HEBRON- Lakewood School District’s teachers and staff’s salaries will be frozen for the 2010-2011 school year. No one working for the district will receive a raise beyond any scheduled step increase.
“Thanks to the teachers for stepping forward,” said Lakewood School Board member Judy White during the Oct. 14 school board meeting, where the salary freeze was approved.
Board President Joe Bowman, Jr. said he respects all employees for agreeing to the freeze “in this crucial situation.”
Lakewood Treasurer Glenna Plaisted explained that a school district’s salary schedules are set up to reflect years of experience and type of college degree held. A step increase refers to the number of years of experience a teacher has. Each year they work, their experience level increases a year and they would increase one step. The resolution the board approved still permits step increases.
“When we refer to a zero percent salary adjustment, this means that there is no increase to the salary schedule currently in place,” she said. For example, Lakewood’s base teacher salary schedule for last year (fiscal year 2009) was $30,606. There was a 2.6 percent salary adjustment negotiated for this school year (fiscal year 2010). That would mean Lakewood’s base salary would now be $31,402. With the freezing of the salary schedules, that means the base for fiscal year 2011, next school year, would stay at $31,402.
Superintendent Jay Gault said previously that the freeze would remain in place no matter what happens to the additional 8.9 mills levy on the Nov. 3 ballot. “This levy is not about putting money in our pockets,” he said, adding that the levy is specifically to replace revenue lost from the phase out of the tangible personal property tax.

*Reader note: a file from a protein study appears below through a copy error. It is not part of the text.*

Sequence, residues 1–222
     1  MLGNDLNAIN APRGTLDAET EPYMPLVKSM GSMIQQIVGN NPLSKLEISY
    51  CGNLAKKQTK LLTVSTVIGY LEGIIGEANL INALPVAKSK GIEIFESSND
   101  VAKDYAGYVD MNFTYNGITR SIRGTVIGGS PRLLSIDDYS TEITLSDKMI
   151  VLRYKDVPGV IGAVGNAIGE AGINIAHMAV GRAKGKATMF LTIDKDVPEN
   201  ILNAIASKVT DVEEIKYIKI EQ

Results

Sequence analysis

In other school board news:
• Director of Pupil Services Arnie Ettenhoffer is happy his prediction didn’t come true. He predicted the school district would receive an “effective” rating based on the Ohio 2008-2009 School Year Report Card. He was thrilled that the district received an “excellent” rating. The district met 24 of 30 indicators, which usually earns an “effective” rating, but Ettenhoffer said the district met the “Value Added” component for a third year, which bumped the district’s rating up to “excellent.” According to the state, if students show better than expected growth in specific subjects for two consecutive years, their district’s rating is raised one level. Lakewood qualified.
“We are thrilled to announce for the second consecutive year that Lakewood has earned an ‘excellent’ designation on the district report card,” said Ettenhoffer in a news release.
According to the release, “The State of Ohio uses multiple tools to measure both achievement and progress of our students. We are most proud of the accomplishment of our students and staff in the area of Value Added. This component measures if students in grades four through eight are actually making a year’s worth of expected or ‘typical’ progress or ‘growth’ in the categories of reading and math. We are proud to announce that our students for the last two years have made more than typical growth in these areas.”
• Gault said any discussion of implementing a district-wide uniform dress code is on hold at least until after the November vote for the 8.9 mills levy. In the meantime, board members will contact other districts with uniforms to determine if implementing a dress code improved academic performance.
• Board member Forrest Cooperrider was appointed to the tax incentive review council for two years.